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COL. JOHN COLGATE BELL. – Colonel Bell, enjoying a wide reputation from Southern Oregon to Idaho, and back again to the Pacific seashore throughout the state in which he has successively lived and made a multitude of personal acquaintances, merits a special recognition on account of his public services in official relations and in the early Indian wars of Southern Oregon.
He was born at Sterling, Kentucky, February 24, 1814. His parents were from Virginia; and among his ancestors were those distinguished in the early history of the nation, his father having served with General Harrison in the war of 1812. The young man received his education at the Mount Sterling Academy, and began business at his native town in the dry-goods store of David Herren. In 1834, he began his western career by removing with his father to Missouri, engaging with him in mercantile business at Clarksville, Pike county. Eight years later he entered into business on his own account at Weston, and in 1845 was married to Miss Sarah E., daughter of General Thompson Ward, of honorable fame in the Mexican war.
In 1847 he was engaged with the General in organizing the regiments of Donovan and Price and the battalion of Major Powell sent to new Fort Kearney on the plains for the protection of emigrants. It was in these operations that he received his military rank.
In 1849 he gratified his desire for a life wider than that of the east by setting forth with Doctor Belt, a brother-in-law, for the El Dorado of the Pacific. The journey was accomplished amid the usual difficulties of the way, – such as hail-storms on the Platte that stampeded the cattle, or the necessity of bearing to one side of the main traveled way to avoid cholera, or the delay of ten days at Crooked river and again at the Malheur by reason of sickness. Having met with Major Davis’ train of twenty-seven wagons on the Platte, and meeting him once more on Bear river, Colonel Bell abandoned the route through Sublett cut-off to California, and with Major Davis came via Raft river to Boise and to Oregon.
Arriving at Oregon City, he went back in November to The Dalles, then occupied by Major Tucker’s battalion, who were living wholly in tents, and had removed the old mission buildings preparatory to erecting the barracks. Being active in obtaining materials, he was the first to erect a building upon the present site of the city. Here he opened a store, bringing goods from Oregon City and other points on the Willamette. The spring following he closed out his stock, and buying thirty mules took a pack train from the Willamette to Yreka in prospect of the gold discoveries in the latter section. By this he was brought into the midst of Indian troubles, being requested at the Illinois river by Major Phil Kearney, then engaged near the Siskiyous in surveying out a military road, to raise a company and come to his assistance, as the Indians were threatening. Gathering fourteen men, he hastened to Major Kearney’s relief, incurring, on the way a running fight with the Indians. An irregular battle was brought on some days later, in which there was some skirmishing in the chaparral; and Colonel Bell’s little company made a charge, capturing fourteen of the enemy. The Indians were dispersed, and a number of fugitives were picked up, although by disregard of the Colonel’s advice the main band escaped. Much irregular warfare was carried on during 1851; and Colonel Bell sustained a notable part in the Siskiyou Mountains, and moving on to Yreka assisted Kearney to a loan of five thousand dollars.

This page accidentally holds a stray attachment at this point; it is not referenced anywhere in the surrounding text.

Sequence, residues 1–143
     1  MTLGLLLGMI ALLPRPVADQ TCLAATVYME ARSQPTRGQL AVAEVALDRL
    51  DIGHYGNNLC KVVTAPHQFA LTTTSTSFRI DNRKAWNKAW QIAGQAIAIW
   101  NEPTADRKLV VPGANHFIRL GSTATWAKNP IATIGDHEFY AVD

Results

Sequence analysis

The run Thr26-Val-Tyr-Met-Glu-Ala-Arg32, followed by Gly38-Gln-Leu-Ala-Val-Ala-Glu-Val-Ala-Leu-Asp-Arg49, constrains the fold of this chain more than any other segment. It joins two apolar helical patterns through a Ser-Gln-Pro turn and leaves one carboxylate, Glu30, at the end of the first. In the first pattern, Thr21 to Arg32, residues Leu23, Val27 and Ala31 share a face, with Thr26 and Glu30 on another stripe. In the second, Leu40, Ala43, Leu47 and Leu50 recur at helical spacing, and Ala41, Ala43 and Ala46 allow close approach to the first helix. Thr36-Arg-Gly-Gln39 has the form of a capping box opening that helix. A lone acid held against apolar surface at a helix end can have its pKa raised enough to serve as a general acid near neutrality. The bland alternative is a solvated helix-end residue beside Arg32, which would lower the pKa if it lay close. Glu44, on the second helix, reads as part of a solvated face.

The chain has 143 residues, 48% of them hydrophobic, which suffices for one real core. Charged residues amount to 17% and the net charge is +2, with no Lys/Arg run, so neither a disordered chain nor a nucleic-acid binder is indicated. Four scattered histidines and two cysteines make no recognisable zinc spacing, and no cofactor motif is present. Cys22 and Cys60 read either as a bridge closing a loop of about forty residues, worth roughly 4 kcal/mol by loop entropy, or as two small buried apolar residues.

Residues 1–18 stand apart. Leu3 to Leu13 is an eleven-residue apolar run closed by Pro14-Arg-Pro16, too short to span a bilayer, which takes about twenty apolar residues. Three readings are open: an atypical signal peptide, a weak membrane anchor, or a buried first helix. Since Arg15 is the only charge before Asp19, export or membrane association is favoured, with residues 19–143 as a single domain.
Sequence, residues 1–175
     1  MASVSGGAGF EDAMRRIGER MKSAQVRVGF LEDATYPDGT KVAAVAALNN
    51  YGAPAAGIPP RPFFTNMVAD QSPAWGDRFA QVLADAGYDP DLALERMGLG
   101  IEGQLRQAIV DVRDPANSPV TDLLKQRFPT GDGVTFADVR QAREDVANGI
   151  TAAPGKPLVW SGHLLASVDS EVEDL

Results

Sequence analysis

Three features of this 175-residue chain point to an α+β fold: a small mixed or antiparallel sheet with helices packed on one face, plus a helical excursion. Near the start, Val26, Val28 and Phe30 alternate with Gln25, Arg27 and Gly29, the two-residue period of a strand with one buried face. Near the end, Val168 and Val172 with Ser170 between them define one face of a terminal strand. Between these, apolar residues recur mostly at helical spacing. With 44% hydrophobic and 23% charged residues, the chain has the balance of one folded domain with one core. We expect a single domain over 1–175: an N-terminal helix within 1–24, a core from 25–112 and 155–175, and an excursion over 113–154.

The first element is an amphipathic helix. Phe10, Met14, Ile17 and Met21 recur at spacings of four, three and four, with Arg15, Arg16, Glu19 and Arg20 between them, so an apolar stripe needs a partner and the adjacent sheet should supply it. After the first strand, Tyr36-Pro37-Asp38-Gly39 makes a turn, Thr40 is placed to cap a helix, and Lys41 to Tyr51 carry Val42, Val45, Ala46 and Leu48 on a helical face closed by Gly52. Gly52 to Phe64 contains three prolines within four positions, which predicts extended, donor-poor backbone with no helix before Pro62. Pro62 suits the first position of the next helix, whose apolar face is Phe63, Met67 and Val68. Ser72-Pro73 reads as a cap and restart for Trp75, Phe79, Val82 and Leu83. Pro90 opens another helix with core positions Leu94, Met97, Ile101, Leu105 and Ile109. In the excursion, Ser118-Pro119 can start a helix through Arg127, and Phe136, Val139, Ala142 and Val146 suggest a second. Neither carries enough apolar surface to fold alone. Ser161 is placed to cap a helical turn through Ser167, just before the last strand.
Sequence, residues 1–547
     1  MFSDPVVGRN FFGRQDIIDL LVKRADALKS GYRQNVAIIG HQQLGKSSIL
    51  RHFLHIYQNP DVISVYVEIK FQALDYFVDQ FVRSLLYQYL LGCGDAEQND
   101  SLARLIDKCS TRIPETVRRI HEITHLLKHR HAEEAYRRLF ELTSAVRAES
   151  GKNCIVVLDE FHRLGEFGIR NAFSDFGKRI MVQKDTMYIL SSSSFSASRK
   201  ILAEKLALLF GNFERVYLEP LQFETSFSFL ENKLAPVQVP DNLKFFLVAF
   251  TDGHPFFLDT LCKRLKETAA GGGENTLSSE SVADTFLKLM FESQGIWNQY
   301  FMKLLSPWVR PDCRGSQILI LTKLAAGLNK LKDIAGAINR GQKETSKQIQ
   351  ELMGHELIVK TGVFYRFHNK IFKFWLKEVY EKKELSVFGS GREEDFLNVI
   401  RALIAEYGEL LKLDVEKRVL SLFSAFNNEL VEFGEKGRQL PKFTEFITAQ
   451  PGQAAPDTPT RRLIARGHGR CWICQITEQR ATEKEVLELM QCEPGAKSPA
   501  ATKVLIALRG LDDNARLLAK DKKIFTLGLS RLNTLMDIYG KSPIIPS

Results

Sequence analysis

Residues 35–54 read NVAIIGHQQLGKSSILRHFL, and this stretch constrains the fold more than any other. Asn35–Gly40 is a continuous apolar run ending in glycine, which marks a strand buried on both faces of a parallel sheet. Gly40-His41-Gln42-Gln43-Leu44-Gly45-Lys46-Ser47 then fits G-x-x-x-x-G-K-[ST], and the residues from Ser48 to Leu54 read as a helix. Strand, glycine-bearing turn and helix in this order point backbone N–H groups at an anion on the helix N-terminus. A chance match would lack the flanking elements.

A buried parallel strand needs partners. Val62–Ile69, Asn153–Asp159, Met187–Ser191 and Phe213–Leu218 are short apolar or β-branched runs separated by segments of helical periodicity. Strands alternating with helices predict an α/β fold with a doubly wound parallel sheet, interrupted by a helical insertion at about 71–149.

The same spring he returned East with Mackay of Spring Valley, performing the journey at a time of the year when all the streams to the Rocky Mountains were so swollen as to be crossed only by swimming. In 1854, having disposed of his effects at his old home in Missouri, he determined to make Oregon his future home, and brought his family across the plains, having in his train fifteen horses and three hundred cattle, many of which were lost from eating poisonous herbs. Their journey was expeditious; and on the Platte they overtook various well-known pioneers, as Mrs. Peters and the Strattons. While not enduring great hardships, nor experiencing great dangers, they passed near the scene of the massacre of the Ward family, – Colonel Bell being among the number to search for the women of that ill-fated party, whom he found at some distance from the point where the first massacre occurred; One had her throat cut, another drawn by knives, and the third impaled upon a wagon iron, which had been heated red-hot for the purpose. This atrocious work, when known throughout the settlements, sent a thrill of horror and hate through the white population, and was one of the things that nerved the arms of the volunteers the next year.
Reaching Oregon once more, Colonel Bell prepared for a permanent home and business by buying a stock of goods and a store at Corvallis. He operated here in a mercantile line until 1857, removing then to Salem, where, for more than twenty-five years, he successfully conducted a store, carrying on an extensive trade. In 1884 he was appointed by President Cleveland as postmaster at Astoria, and has faithfully and ably conducted this office to the present time.
The Colonel has raised a family which have occupied a prominent position in the business and society of the communities in which they have lived; Laura W., the wife of Captain J.H.V. Gray, resides at Astoria; Anna, who married Mr. Jackson, is deceased; William T. is successfully engaged in business at Salem; John C. is deceased; Sarah, the wife of Walter E. Davis, of the well-known drug firm of Hodge, Davis & Co., resides at Portland; Alice P., Jennie V., and Robert E. are still at home.